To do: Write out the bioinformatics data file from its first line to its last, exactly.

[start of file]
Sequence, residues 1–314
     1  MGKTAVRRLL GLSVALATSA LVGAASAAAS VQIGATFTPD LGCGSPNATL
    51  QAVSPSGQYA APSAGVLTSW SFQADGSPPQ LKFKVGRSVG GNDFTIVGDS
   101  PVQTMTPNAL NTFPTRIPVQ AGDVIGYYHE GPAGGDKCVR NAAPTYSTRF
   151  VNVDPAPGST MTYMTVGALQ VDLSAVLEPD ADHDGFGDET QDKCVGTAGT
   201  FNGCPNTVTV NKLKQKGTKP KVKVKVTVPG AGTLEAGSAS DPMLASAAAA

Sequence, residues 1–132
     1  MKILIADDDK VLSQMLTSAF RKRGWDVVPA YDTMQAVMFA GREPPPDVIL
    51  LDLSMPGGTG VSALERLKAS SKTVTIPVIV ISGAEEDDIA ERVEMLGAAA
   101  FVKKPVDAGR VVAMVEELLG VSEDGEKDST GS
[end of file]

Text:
Sequence, residues 1–314
     1  MGKTAVRRLL GLSVALATSA LVGAASAAAS VQIGATFTPD LGCGSPNATL
    51  QAVSPSGQYA APSAGVLTSW SFQADGSPPQ LKFKVGRSVG GNDFTIVGDS
   101  PVQTMTPNAL NTFPTRIPVQ AGDVIGYYHE GPAGGDKCVR NAAPTYSTRF
   151  VNVDPAPGST MTYMTVGALQ VDLSAVLEPD ADHDGFGDET QDKCVGTAGT
   201  FNGCPNTVTV NKLKQKGTKP KVKVKVTVPG AGTLEAGSAS DPMLASAAAA

Sequence, residues 1–132
     1  MKILIADDDK VLSQMLTSAF RKRGWDVVPA YDTMQAVMFA GREPPPDVIL
    51  LDLSMPGGTG VSALERLKAS SKTVTIPVIV ISGAEEDDIA ERVEMLGAAA
   101  FVKKPVDAGR VVAMVEELLG VSEDGEKDST GS